Language Resource Center
LRC Newsletter Spring - 2013
Authentic Tasks and Performance and Scaffolding

     The instructional strategy “Scaffolding” was driven by two significant movements in the field of foreign language instruction and pedagogy.

     During the 1980s to 1990s in the field of foreign language instruction and pedagogy, the concept of “Proficiency” in foreign language has developed, defining the criteria and assessment of performance standards in communicative competence as four skills (reading, writing, speaking, and listening).

     After the criteria of performance standards was developed, the “National Standards for Foreign Languages” was established in 1996, consisting of 5 areas (known as the 5 Cs – Communication, Culture, Connection, Comparison, and Communities) and 11 standards for what kind of content learners should know and be able to use.

     With these two movements, foreign language teachers have been designing classroom activities and tasks to be as highly contextualized and close to real-life tasks as possible. They also include many authentic cultural materials and visual information in these tasks, promotes students to connect their language with the world outside of the classroom.

     However, it is very challenging for teachers to use these kinds of materials in the classroom because of the students’ limited language proficiency. For example, what some teachers end up doing is provide students with authentic materials such as a newspaper article while also including a vocabulary list. Unfortunately, this sort of instruction does not allow students to learn the target language or acquire new knowledge introduced the material, but rather forces students to memorize the vocabulary and to comprehend the meaning.

     One of the teaching strategies proposed for this challenge is “scaffolding”. A broad definition of scaffolding is “providing contextual supports for meaning through the use of simplified language, teacher modeling, visuals and graphics, cooperative learning and hands-on learning” (Bradley and Bradley, 2004).

    In addition, Douglas and Kataoka (2008) indicate that using scaffolding activities in the classroom involves four elements in the process:

  1. Providing temporary support from a teacher or capable peers until a learner can complete a similar task alone
  2. Demonstrating a learning process and joint engagement in the process
  3. Using an interactive approach which encourages genuine dialogue between the student and teacher as well as student-to-student
  4. Conducting activities that develop higher order cognitive skills rather than factual recall

     Scaffolding can be not only necessary and beneficial for the use of authentic materials in the classroom, but also for students’ authentic performance tasks such as communicating with native speakers. It is more difficult and challenging to provide scaffolding when the activity is an interactive mode of communication such as bringing native speakers into the classroom to talk with students because that requires students to negotiate meaning as well as use multiple skills to comprehend and produce language. I believe that these kinds of tasks require more scaffolding activities in order for students to successfully complete them.

     Skype has become a simple and cost-effective application that brings native speakers into the classroom. Professor Kerry Wallach in the Department of German Studies offered GER 335 “Redefining German: Gender, Nation, Migration” in the fall of 2012 and one of the big tasks in the course was to conduct a Skype conversation with a native speaker in Berlin, to whom students needed to ask questions and conduct a conversation with about a specific topic.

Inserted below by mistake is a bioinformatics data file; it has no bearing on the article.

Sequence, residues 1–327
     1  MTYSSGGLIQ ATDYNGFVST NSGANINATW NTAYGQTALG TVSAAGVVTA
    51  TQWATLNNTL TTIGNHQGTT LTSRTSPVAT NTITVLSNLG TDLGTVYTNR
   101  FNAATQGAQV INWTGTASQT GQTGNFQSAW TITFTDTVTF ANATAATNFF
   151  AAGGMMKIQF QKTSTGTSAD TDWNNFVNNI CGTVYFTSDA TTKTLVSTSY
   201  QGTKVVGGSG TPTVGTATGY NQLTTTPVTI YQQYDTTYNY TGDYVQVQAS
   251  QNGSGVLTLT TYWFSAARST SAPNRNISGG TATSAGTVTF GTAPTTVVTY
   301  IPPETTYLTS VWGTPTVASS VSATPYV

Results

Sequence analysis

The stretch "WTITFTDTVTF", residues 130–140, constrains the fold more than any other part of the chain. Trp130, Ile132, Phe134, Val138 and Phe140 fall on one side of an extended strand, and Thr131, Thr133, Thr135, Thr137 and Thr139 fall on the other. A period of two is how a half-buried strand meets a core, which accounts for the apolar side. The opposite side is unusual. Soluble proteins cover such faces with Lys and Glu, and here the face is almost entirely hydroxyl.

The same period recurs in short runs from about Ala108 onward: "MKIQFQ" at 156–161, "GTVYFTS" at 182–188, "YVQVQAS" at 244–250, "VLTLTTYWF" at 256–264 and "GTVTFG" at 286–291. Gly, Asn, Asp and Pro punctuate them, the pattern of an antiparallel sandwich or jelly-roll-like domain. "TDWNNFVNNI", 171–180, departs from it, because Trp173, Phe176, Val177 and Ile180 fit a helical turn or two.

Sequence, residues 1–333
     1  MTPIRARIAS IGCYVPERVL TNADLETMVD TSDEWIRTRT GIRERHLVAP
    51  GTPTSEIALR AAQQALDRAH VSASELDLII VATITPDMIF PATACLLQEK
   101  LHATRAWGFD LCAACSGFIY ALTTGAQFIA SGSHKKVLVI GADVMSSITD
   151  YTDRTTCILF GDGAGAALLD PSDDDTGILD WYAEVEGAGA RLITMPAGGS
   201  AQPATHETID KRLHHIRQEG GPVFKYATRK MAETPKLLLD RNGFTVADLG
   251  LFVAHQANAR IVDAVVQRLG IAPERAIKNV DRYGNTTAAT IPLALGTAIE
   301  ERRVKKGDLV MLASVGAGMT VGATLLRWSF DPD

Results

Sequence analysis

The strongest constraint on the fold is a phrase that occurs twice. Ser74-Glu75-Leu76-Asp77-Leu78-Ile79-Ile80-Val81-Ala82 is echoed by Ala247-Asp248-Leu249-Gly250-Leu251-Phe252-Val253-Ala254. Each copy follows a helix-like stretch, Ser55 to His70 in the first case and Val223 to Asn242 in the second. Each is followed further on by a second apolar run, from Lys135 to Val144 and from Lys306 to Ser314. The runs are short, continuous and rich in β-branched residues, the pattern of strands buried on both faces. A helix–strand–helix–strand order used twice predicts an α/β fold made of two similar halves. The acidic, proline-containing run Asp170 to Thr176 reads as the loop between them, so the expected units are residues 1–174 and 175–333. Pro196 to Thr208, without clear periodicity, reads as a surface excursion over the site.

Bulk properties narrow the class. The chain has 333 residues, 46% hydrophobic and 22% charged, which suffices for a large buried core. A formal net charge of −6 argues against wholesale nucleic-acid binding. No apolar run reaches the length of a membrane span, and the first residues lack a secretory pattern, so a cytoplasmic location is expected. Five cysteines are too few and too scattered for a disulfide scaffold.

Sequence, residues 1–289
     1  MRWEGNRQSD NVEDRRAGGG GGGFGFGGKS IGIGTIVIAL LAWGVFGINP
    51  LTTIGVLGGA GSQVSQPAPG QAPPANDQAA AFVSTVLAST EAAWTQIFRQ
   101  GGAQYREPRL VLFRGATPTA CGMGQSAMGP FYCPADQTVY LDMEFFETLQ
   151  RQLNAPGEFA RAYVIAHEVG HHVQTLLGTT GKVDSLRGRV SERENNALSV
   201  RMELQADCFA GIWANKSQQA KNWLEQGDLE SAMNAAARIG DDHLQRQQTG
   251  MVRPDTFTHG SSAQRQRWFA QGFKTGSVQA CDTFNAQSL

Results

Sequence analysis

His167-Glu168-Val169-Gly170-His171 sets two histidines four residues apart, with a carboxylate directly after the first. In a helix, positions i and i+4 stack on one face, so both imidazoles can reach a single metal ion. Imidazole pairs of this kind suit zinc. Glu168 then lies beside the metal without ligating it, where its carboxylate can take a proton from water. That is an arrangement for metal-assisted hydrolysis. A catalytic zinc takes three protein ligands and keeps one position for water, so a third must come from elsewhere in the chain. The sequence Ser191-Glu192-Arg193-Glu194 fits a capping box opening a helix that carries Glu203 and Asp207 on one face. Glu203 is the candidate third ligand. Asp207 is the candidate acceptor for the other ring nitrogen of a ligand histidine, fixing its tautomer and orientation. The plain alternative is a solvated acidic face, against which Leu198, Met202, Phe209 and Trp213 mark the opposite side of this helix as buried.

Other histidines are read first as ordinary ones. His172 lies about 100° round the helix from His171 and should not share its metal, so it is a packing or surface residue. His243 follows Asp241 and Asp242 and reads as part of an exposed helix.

A great amount of preparation and scaffolding tasks were necessary to make this activity successful. The follow-up student survey indicated that the following activities and materials helped students to prepare for the Skype conversation.

  • Reading materials related to the topic of conversation
  • Handouts of background information about the native speaker
  • Creating a list of questions and categorizing them

     Professor Wallach played the role of facilitator by modeling, monitoring, and helping students accomplish their task. These activities reduced the students’ anxiety and increased their motivation to communicate with a native speaker. The students felt a great amount of achievement by completing this task, according to the follow-up survey.

     I believe they also learned the process of how to prepare for similar situations, and I hope that they are able to apply this experience to their real-life future language-related endeavors.


Bradley and Bradley (2004) “Scaffolding Academic Learning for Second Language Learners”, Internet TESL Journal, May 2004, http://iteslj.org/Articles/Bradley-Scaffolding/

Douglas and Kataoka (2008) “Scaffolding in Content Based Instruction to Teach Japanese”, Japanese Language and Literature 42 vol2

Ushida and Masuyama “Basic Concepts of Japanese Language Teaching”, Japanese Online Instruction Network for Teachers (JOINT) online professional development course, American Association of Teachers of Japanese (AATJ) , Spring 2012, http://www.aatj.org/joint/BasicCourse.html

ACTFL Proficiency Guideline 2012 http://www.actfl.org/files/public/ACTFLProficiencyGuidelines2012_FINAL.pdf

Standards for Foreign Language Learning – Preparing for 21st Century http://www.actfl.org/sites/default/files/pdfs/public/StandardsforFLLexecsumm_rev.pdf

ACTFL Performance Descriptors For Language Learners http://www.actfl.org/sites/default/files/pdfs/PerformanceDescriptorsLanguageLearners.pdf

Content-Based Language Teaching with Technology (CoBaLLT) Strategy 4: Using Scaffolding Techniques - Center for Advanced Research on Language Acquisition (CARLA) http://www.carla.umn.edu/cobaltt/modules/strategies/ust.html 


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